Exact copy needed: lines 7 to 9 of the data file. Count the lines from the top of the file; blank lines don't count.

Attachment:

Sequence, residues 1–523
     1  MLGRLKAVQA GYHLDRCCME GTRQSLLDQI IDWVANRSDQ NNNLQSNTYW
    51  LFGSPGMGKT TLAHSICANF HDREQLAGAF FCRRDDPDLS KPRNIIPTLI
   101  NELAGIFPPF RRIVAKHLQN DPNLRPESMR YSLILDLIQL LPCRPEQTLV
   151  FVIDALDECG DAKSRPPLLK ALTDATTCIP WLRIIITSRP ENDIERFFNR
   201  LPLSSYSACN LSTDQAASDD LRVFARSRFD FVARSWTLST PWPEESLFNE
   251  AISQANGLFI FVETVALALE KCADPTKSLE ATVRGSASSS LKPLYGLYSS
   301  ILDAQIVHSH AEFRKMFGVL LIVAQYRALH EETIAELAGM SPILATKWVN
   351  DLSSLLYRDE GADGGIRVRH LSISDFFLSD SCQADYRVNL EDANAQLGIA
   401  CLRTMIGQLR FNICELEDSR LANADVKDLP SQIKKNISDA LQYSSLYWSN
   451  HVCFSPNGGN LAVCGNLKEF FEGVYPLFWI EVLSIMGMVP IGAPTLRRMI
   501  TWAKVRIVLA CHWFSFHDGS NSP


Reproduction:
   251  AISQANGLFI FVETVALALE KCADPTKSLE ATVRGSASSS LKPLYGLYSS
   301  ILDAQIVHSH AEFRKMFGVL LIVAQYRALH EETIAELAGM SPILATKWVN
   351  DLSSLLYRDE GADGGIRVRH LSISDFFLSD SCQADYRVNL EDANAQLGIA